The Wink is a labor of love, occasional source of ire and constantly influenced by the toddlywinks in my life- my daughters. There's also the HunkyWink. You'll read all about them as The Wink unfolds. Please feel free to wink back!

Sunday, December 28, 2008

A Tentative Update and Forceful Thanks

This will be brief as I don't want to muddy anything with emotional meandering.

Your thanks, via your comments, emails and attendance surpassed anything I had imagined might happen when I pressed publish. Eight days have passed and while we hear utterings like, "out of the woods" and "recovery," there is still worry.

Dennis—dad, husband, son, uncle, friend, has been hearing your comments and, as I am told by his daughter Erin, has smiled at the notion of a post about him. The idea of that smile and of something other than the color of the walls and the sterility of the environment to talk about, makes me feel as if together we accomplished something.

As for concrete things to update, Dennis was extubated late last week and is able to breathe on his own. He took a hell of a beating from the truck and has had significant pain to cope with, one part of which is a kind of damage to his leg that has had specialists scratching their heads, weighing whether to operate or not.

Friday night they finally arrived at the decision to operate. He was transferred, via ambulance, nearly two hours to the hospital with the most qualified orthopedic trauma surgeon. We have no date for surgery, nor a solid timeline to recovery, but we do have this;

Dennis.

We also have specialists joining the circle of people hoping, wishing and praying for his return to health. So on the eve of a New Year and what I hope will be the start of renewed health for Dennis, I thank you— we thank you. Your words, your visits and your emails have simply meant the world.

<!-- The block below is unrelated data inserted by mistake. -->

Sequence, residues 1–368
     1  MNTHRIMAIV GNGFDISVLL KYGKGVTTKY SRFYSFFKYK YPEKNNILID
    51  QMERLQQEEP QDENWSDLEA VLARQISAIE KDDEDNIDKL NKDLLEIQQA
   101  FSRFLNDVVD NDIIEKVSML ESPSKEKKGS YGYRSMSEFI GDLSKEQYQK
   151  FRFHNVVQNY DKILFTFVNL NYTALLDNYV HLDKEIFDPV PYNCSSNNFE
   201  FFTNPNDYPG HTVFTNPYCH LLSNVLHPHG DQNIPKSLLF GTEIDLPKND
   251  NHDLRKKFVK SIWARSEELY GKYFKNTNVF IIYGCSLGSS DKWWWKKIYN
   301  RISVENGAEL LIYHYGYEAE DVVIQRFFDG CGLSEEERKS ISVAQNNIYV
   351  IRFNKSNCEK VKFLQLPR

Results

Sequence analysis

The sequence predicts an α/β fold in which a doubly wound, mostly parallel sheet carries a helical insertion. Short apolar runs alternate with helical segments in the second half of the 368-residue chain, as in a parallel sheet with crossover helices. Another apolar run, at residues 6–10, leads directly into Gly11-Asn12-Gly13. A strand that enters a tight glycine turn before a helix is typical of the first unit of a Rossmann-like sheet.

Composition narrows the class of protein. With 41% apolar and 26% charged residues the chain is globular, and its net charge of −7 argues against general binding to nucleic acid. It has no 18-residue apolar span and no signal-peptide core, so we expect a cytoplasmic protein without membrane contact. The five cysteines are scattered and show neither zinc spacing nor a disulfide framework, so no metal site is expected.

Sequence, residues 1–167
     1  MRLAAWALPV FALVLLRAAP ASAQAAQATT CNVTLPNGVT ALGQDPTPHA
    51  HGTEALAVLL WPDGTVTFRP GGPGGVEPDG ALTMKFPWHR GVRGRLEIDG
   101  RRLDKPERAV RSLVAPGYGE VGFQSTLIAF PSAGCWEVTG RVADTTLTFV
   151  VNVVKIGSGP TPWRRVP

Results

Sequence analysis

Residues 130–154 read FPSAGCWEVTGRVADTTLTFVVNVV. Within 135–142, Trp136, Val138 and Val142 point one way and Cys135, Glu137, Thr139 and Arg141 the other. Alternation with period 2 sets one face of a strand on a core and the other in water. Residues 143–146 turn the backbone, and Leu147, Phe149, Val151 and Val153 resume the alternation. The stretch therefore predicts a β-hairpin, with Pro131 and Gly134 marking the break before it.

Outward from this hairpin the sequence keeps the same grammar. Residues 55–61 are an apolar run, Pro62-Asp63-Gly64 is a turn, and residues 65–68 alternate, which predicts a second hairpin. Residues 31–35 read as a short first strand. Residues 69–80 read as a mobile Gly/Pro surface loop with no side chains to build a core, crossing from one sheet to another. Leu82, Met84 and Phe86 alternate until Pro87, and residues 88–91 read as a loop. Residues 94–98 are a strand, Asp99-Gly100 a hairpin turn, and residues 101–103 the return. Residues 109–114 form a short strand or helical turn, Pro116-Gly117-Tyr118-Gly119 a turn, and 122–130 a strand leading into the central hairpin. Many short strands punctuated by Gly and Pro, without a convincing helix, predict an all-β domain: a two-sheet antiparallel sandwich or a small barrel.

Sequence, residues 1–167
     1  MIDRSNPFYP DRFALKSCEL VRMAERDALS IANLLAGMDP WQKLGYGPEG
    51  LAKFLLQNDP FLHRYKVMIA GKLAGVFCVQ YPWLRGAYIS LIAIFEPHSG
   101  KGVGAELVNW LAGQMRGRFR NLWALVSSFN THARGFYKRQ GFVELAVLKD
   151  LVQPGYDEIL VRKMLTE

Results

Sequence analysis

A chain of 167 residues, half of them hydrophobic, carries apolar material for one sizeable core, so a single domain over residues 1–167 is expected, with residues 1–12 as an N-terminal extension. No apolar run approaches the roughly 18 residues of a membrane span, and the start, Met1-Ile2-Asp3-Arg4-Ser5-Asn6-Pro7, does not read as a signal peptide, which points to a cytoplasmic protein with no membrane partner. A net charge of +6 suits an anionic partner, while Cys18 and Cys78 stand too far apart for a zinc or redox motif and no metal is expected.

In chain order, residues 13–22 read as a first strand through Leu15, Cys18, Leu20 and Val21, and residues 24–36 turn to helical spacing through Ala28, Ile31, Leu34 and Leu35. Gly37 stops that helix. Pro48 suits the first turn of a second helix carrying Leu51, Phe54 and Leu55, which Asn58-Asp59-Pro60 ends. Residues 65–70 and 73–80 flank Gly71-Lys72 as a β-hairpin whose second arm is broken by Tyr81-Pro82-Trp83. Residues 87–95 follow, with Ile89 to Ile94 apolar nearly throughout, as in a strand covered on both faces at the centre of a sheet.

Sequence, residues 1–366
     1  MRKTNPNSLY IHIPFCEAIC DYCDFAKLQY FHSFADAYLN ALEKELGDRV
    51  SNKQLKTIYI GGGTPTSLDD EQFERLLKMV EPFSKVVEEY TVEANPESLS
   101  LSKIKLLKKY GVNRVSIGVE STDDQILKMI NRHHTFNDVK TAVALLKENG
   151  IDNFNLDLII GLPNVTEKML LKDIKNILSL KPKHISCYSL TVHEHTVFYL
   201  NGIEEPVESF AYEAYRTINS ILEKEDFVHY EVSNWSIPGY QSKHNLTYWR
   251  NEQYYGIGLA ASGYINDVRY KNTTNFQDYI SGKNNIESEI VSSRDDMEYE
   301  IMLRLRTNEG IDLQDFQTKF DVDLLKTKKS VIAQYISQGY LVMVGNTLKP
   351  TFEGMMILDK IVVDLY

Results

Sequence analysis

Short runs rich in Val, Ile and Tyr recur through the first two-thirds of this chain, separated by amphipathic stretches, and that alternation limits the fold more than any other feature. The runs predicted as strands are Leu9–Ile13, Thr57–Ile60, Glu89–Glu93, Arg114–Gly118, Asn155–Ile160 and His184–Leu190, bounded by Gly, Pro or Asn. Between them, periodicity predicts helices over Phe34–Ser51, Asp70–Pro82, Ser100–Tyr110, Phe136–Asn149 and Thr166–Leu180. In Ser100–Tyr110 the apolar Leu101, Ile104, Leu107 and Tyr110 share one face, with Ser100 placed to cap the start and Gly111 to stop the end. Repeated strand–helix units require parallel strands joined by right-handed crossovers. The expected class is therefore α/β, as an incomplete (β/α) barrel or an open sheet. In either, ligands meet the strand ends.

My hope will be to publish photos here later to share with you the image of a beaming Dennis as he walks his Erie down the aisle.

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Sunday, December 21, 2008

On the subject of blessings

When last I posted I was bitching. Now it's a few days later, a few feet of fallen snow and a whole new perspective. A few days ago Maggie wrote a post, today I went and visited the reason for her post. We do these things: we dedicate posts, we leave comments, we visit.

I am not sure that when I do things like write about sweet Serenity, that they actually make things better, but they give me a sense of having used what I have to help. Today I am writing because in this time of blessings and family I find myself struggling to figure out how to help. I think you hold the key, you there reading this post, maybe waiting for news of the Briar or Avery or the latest update of what Fin can do. I promise a post soon that will give you that and more, but today I need you. I need your ear and then, if you're willing, your words.

Friday night Sean's Uncle Dennis was struck by a truck. He is here on the East Coast and as we emerged from what would be the first of three heavy storms, he was snow blowing his driveway. He was struck by a truck that lost control before it had a chance to slow down. 25 miles an hour. This accident was the kind of thing that I had heretofore only read about. Now, it is two days later and it is real. There is no end in sight to the hospitalization. Surgeries. Tests. Worry.